In the Market For a Meal

Posted on December 4, 2011 – 10:51 PM | by Admin
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By Becky Grunewald     Photos by Scott Duncan

Going into “ethnic” markets (for lack of a better term) can be a perilous experience.  For every time I pick up some dirt-cheap herbs and spices that I use the heck out of, there’s a visit where I come home with some Soviet-era tins of mystery fish, a jar of fermented tofu that ominously burbles away in the back recesses of the fridge, or an obscure vinegar that is good for one obscure dish that I’ve since lost the recipe for.  You know what I’m talking about: those items that seem intriguing at the time but just gather dust on your pantry shelves until you finally, furtively throw them away.

Despite these follies, I can’t resist a trip to an unfamiliar market when I pass one by in the ‘burbs.  Sometimes these markets have prepared food, but they often lack seating and the quality can be hit-or-miss.  That’s why I’m here, dear reader; I’ll do the heavy lifting for you.  In the past I’ve hipped you to the hot dishes at Nam’s Oriental Food and Gifts, Cheung Hing, and Europa Food Market, among others.   This time I hit up three area markets that serve Middle Eastern fare to weigh the pros and cons of each.

International Market is adjacent to Toledo’s, which is a market that serves dynamite al pastor tacos (as covered in the January, 2010 MidMo).  International’s been a favorite of mine for a while, and it can be very hard to decide between the two markets when I arrive.  International Market has a limited menu of kabobs, sandwiches, and combo plates for lunch and dinner.  The guys that staff the back of this small, crowded market are very talkative and friendly.  When I asked one how steam table food can taste so fresh he answered that they cook the food 2-3 times a day, depending on the demand, and that they make everything from scratch every day, no leftovers.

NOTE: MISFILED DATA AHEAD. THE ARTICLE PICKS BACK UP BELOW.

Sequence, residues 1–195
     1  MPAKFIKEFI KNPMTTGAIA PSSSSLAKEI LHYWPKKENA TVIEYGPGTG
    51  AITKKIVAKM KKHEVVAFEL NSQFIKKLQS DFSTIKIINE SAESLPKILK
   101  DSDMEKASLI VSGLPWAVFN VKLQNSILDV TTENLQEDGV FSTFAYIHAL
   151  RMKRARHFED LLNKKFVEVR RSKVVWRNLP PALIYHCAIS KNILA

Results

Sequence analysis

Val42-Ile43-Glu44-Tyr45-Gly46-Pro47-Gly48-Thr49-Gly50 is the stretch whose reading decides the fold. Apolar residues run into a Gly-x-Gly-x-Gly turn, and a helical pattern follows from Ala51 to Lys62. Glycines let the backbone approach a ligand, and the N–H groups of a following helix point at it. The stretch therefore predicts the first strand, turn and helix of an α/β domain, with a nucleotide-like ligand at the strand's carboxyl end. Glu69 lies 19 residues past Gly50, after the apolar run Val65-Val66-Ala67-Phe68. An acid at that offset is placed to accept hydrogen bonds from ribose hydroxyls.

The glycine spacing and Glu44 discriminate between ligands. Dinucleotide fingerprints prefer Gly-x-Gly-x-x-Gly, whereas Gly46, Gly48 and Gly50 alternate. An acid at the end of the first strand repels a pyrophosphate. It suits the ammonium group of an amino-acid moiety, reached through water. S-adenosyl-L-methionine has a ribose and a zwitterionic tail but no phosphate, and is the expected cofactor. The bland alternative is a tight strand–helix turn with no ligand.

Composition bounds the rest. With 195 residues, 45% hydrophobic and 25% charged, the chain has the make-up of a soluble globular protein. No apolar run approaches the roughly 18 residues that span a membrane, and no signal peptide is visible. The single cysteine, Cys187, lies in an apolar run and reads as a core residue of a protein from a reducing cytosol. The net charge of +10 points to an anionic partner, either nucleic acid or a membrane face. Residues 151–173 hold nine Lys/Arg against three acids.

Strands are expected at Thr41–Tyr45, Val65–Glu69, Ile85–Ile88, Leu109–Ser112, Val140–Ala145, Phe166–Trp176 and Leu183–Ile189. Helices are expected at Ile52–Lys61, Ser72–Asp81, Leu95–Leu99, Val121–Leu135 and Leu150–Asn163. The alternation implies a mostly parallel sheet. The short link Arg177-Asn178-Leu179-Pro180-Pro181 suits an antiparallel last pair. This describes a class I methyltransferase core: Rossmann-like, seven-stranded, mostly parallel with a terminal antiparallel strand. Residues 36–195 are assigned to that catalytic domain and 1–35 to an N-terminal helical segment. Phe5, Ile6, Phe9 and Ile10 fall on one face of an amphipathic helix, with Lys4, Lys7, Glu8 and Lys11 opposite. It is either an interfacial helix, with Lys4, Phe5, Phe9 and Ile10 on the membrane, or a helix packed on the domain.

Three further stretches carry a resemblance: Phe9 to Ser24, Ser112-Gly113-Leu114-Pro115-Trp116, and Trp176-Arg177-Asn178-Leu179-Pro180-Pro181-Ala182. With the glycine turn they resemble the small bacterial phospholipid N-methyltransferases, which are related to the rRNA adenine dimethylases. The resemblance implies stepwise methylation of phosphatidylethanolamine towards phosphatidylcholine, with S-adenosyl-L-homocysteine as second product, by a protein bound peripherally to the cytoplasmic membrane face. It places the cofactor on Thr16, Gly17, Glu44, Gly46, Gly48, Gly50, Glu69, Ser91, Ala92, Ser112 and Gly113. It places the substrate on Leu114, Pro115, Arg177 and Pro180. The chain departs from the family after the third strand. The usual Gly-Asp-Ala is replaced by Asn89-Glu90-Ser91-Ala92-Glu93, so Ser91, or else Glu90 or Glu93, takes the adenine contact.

The combo plates come with boring dry rice and a big plastic bag of pita.  That’s the bad.  The good is that they are all served with creamy, smooth hummus, garlicky yogurt dip, crisp salad made with Persian cucumber, and a cute serving of house made pickled turnips.  The meat is top-notch: moist, baby-fist sized spice-rubbed chicken chunks comprise the chicken kabobs and the long log of a lamb kabob is rich and gamy.  The falafel balls are big and springy (stop snickering!), with a coating of sesame seeds on the outside. 

International Market has two small tables outside that face out onto a dreary parking lot.  It’s best for takeout.  If you’re really hungry, get a taco next door to tide you over.

The abundant promotional material in the windows at Babylon City Market and the cartoon logo of the be-toqued chef that adorns said material gives it the feel of a chain, but google reveals that it is not.  This market is spacious and sunlit, with a side room devoted to bulk items (if you need some dirt-cheap bulgur or lentils), produce, and halal meat.  There a small bakery in the back with an open, gas-fired oven that churns out hundreds of the football-shaped Iraqi flatbreads known as samoon.